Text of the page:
Book Talk: I’ll Give You The Sun by Jandy Nelson

Book Talk: I’ll Give You The Sun by Jandy NelsonI'll Give You The Sun by Jandy Nelson
Published by Dial on September 16, 2014
Genres: Contemporary YA
Also by this author: The Sky Is Everywhere
Format: ARC
Source: BEA
Amazon/Twitter
Goodreads

I received this book for review consideration from the publisher. This in no way swayed my opinion of the book. Pinky swear!

 

 

 

Want an “at a glance” look at what I thought? Check out my Review On A Post-It or my “Final Thought”

 

A1
Jude and Noah are twins and have always been very close — Jude the popular, wild daredevil who is outgoing and fun and Noah the quiet, artistic outcast who loves the boy next door. The cracks in Noah and Jude’s relationship start to form at age 13/14 and one event will completely shatter them (told through Noah’s perspective) and then 3 years later the twins, who are stranger to each other and barely speaking, will start to find their way back to each other (told through Jude’s perspective).
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a2tumblr_m8tazySDNs1rqgu49

a4I had been waiting for this book for FOREVER. Ever since I read The Sky Is Everywhere. I was not disappointed even in a little bit with that kind of anticipation. I gave you some of my early thoughts back when I read it after BEA but honestly I just want to write a love letter to this book and to Jandy Nelson. That’s all I really feel like I want to do. It was the kind of book I am looking for.

1. I’ve read books that I consider great works of art but I’ll Give You The Sun is the Sistine Chapel ceiling of them all: I’ve been to the Sistine chapel and Michelangelo’s creation is breathtaking and one glance up at the ceiling isn’t enough to take it all. That is I’ll Give You The Sun. You just stare up at the magnificent ceiling in awe trying to fathom how Michelangelo even accomplished that which is how I felt while reading this book. How are these words perfectly strung together so perfectly? How do you make me feel that with just a sentence? How did you pull off this storytelling so perfectly? It’s complex and intricate and  just shows the magnitude of Jandy Nelson’s gift — something so rare and special that could give me something new upon every read. There’s an inventiveness that truly is stunning, awe-inspiring and a bit magical.

2. The kind of deep, soul-rooted emotional reaction I had to this book is something I feel like I can’t even explain: The way these words and this story made me feel in the very depths of me is what makes a favorite book for me. This book had the plot and characters and the writing but the emotions that Jandy Nelson evoked with this one just felt like she reached into my soul and exposed the barest of my emotions. I was a flood of tears at certain points of this book because the way certain things come together are just devastatingly heartbreaking or overwhelmingly beautiful.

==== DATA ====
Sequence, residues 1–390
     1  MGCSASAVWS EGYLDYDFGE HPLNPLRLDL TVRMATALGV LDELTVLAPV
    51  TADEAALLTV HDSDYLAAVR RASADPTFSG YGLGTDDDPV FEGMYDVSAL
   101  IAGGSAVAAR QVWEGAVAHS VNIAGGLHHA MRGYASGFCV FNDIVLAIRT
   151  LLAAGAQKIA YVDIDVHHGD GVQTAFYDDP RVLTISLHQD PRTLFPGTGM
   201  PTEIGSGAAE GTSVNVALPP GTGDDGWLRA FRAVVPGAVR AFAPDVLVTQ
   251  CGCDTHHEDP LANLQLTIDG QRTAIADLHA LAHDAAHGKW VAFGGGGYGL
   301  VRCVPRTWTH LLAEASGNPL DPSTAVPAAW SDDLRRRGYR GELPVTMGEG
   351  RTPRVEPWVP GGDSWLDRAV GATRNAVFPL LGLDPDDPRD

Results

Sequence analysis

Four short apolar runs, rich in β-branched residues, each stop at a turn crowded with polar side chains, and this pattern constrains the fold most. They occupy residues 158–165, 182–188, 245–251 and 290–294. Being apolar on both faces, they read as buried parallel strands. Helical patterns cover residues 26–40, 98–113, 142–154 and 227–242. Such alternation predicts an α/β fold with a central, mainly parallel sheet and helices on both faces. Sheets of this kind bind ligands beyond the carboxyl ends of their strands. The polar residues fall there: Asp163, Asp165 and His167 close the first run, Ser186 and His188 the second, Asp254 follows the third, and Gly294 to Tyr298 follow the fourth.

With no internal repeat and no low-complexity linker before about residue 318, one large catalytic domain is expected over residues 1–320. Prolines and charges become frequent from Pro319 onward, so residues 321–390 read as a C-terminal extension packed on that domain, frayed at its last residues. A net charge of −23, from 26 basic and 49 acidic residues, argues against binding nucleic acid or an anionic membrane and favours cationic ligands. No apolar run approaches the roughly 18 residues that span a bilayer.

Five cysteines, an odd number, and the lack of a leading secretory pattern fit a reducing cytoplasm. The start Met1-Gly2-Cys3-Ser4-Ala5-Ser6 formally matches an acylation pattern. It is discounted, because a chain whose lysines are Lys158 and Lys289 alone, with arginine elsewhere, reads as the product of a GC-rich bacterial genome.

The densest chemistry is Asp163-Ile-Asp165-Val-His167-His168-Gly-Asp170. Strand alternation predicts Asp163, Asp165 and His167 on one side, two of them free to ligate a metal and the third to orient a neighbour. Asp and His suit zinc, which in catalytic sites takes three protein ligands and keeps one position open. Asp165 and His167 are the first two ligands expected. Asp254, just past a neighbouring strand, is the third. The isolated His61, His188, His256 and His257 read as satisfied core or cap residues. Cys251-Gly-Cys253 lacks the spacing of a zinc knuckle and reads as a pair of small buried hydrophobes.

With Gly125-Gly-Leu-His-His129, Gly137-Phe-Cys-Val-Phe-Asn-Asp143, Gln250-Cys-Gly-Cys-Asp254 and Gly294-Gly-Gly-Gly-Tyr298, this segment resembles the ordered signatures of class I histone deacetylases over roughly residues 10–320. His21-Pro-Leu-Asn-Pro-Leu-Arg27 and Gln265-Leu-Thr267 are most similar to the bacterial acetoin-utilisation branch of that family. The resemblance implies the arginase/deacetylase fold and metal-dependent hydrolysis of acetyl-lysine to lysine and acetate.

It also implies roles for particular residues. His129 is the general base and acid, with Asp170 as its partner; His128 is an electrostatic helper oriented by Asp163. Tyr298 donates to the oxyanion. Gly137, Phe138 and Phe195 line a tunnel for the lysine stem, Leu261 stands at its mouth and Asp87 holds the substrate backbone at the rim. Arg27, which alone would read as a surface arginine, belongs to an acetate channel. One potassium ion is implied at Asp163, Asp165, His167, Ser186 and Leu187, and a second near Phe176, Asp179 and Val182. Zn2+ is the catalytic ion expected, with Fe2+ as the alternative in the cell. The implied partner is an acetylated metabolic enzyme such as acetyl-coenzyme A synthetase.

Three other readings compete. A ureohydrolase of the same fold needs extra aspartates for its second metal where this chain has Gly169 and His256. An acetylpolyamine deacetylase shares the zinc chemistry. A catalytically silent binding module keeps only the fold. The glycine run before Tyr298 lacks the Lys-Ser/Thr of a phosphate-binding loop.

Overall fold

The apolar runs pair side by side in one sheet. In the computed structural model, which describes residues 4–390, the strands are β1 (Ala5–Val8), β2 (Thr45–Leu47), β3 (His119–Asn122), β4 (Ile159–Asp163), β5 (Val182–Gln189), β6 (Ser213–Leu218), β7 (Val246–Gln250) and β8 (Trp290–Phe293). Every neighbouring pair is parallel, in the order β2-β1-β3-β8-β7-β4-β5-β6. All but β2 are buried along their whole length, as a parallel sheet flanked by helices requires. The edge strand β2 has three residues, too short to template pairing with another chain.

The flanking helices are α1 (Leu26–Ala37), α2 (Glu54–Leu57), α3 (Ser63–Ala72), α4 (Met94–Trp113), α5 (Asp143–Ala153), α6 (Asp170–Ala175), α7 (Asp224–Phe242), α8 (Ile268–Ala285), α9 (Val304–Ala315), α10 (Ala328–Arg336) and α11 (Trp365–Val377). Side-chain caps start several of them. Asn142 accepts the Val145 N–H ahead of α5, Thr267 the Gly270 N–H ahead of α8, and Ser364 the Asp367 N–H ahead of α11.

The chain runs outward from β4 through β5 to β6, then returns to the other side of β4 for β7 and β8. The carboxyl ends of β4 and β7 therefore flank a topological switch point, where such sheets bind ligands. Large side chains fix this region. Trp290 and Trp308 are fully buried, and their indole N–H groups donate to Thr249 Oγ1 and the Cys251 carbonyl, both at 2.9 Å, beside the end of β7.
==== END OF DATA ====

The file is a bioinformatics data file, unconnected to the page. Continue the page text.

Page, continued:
3. The way this story was told is SO effective: So it takes a little bit to get used to the timeline of this novel but basically we read from each twin’s point of view but at different places in time. So we see the beginnings of the story, and the beginning of their fractured relationship, with a young Noah’s point of view and then it alternates to Jude’s point of few several years later and in the present. It’s heartbreaking because, as the reader, we see some of the things that the other twins know which makes the fracture between them overwhelming and devastating. We KNOW secrets and key pieces that they are missing that could help repair their relationship. We carry the burden of their secrets and biggest hurts. As the story progresses, we find out things and they find out things and you just feel them being pulled back together to the point where they will both know the things that each other knows. The way things are told and revealed just really added to the emotional reaction I had and kept me turning the pages because I needed to know each twin’s part in the story!!

4. I will never ever forget Jude and Noah’s story: Never ever. Their passion and their grief and their sadness and EVERYTHING…it just isn’t something that can go away quickly. It leaps off the pages and I just still think about them all these months later. Their triumphs and their losses and their defining moments felt like they were mine as well.

 

a6RATING-beyondloved

factors+ EVERYTHING — but if I have to narrow it down — writing, plot, storytelling, EMOTIONAL REACTION, characters. It’s just a Jamie book so everything is perfect.
NADA

Re-readability: Oh yes.
Would I buy a copy for my collection? UM YEAH.

a5fans of Jandy Nelson’s The Sky Is Everywhere obviously, people who like poetic and lyrical writing, fans of Melina Marchetta/Cath Crowley/Hilary T. Smith, fans of siblings stories, people who like books that are both heartbreaking and beautiful, lovers of character driven novels, people looking for a unique read, fans of books that make you think, PEOPLE WHO THINK YA CANNOT BE LITERARY (read this and I dare you to tell me that again!)

a8There is a reason that I said Jandy Nelson was a favorite author after The Sky Is Everywhere and I’ll Give You The Sun solidifies that tenfold. You don’t just read a Jandy book — you live it. I’ll Give You The Sun was one of the most all-consuming reading experiences ever. It’s mesmerizing, beautifully written and packs the kind of emotional depth that feels like a tidal wave to the heart. I’ll Give You The Sun is the best book I’ve read in 2014 and I really doubt anything else can dethrone that this year. There’s a reason we’ve all been waiting YEARS for a new Jandy book.

review-on-post-itI'll Give You The Sun by Jandy Nelson